The Flat-Coated Retriever dog breed is a long, lean-looking dog, bright and active with an intelligent expression. They have dense, flat coats with high lustre, their legs and tails are well feathered and they give the impression of power and raciness. The coat is commonly solid black or solid liver in colour. An adult male is ideally 58-61cm in height and 27-36kg in weight; adult females are 56-58cm and 25-32kg.
Retriever breeds were developed in the early 19th century as dogs whose sole purpose was to pick up shot game. The Flat-Coated Retriever was developed from the Lesser Newfoundland as a land retriever and evolved into a fine water and land retriever much favoured by gamekeepers. They have the added skills of flushing game from cover and will hunt game in upland areas. The credit for establishing this breed is given to Mr J. Hull who began breeding them in 1864 and they came to be commonly used on estates throughout Great Britain.
The Flat-Coated Retriever is a kindly, lively dog who loves humans. They are slow to mature and retain their puppy-like qualities for several years. They are usually good family dogs, even-tempered and adaptable but with a deep bark that will give warning of the approach of both visitors and strangers. Their tails wag constantly and they are very enthusiastic dogs who thrive with a lot of attention from their owners.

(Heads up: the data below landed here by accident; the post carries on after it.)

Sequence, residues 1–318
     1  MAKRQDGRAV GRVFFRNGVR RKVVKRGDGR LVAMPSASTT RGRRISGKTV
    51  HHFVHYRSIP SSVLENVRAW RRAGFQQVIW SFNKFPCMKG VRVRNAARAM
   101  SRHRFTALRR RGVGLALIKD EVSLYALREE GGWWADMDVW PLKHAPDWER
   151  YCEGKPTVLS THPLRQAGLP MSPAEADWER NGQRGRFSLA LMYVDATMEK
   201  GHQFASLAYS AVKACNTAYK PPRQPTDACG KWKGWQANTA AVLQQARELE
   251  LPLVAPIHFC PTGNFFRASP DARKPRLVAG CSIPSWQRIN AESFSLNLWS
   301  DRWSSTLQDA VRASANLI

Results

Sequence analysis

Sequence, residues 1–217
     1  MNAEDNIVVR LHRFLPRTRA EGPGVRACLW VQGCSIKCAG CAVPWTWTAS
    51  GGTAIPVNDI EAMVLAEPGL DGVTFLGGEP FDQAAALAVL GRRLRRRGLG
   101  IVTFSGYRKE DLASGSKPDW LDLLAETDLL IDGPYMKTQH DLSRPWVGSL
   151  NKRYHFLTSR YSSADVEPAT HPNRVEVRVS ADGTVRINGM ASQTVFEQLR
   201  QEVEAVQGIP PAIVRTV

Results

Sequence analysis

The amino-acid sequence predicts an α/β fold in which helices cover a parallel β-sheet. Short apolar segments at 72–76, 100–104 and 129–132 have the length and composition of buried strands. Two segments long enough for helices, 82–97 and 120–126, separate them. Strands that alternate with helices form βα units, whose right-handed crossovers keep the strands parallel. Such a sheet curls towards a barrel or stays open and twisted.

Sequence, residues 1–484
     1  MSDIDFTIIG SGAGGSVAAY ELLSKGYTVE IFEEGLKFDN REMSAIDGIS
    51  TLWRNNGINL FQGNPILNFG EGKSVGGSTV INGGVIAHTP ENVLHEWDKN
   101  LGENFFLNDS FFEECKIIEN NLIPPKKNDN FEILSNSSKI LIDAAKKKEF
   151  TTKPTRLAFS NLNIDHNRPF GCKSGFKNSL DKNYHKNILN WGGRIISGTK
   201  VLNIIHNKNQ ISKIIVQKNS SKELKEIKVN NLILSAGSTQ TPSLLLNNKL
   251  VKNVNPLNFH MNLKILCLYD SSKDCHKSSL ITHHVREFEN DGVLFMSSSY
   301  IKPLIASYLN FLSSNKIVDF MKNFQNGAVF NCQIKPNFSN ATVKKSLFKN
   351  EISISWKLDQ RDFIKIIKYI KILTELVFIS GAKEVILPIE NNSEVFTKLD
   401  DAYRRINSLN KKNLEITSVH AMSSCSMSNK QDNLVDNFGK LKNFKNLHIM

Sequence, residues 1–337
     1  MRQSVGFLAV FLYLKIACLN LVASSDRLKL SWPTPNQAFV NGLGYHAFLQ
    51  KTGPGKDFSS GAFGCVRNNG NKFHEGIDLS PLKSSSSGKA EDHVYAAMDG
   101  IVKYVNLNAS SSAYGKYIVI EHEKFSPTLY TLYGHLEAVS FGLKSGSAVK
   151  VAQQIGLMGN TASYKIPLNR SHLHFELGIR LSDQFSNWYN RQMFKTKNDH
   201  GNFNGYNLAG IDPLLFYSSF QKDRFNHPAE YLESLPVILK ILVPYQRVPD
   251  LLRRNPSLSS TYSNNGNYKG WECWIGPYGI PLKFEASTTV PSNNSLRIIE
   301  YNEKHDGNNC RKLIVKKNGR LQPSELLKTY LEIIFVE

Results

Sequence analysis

The most concerning breed related problem is a high predisposition to some certain types of aggressive cancers. As with many breeds, they can also suffer from various hereditary eye disorders, and hip dysplasia (a condition that can lead to mobility problems). Eye testing and hip scoring of dogs prior to breeding is therefore important.
The Flat-Coated Retriever is a tireless worker and as a companion is capable of covering long distances but is happy with moderate exercise. They are keen to join in with any activity. They are excellent water dogs and natural swimmers, enjoying this form of exercise.
Large breed dogs, as well as having large appetites, benefit from a different balance of nutrients including minerals and vitamins compared to smaller-breed dogs.The Flat Coated Retrievers are prone to bloating and stomach problems; smaller, more frequent meals can help minimise this risk.
Flat-Coated Retrievers require daily brushing to maintain their coats. Particular attention should be paid to the feathers, which may collect debris, and their feet should be checked for dried mud or other foreign matter.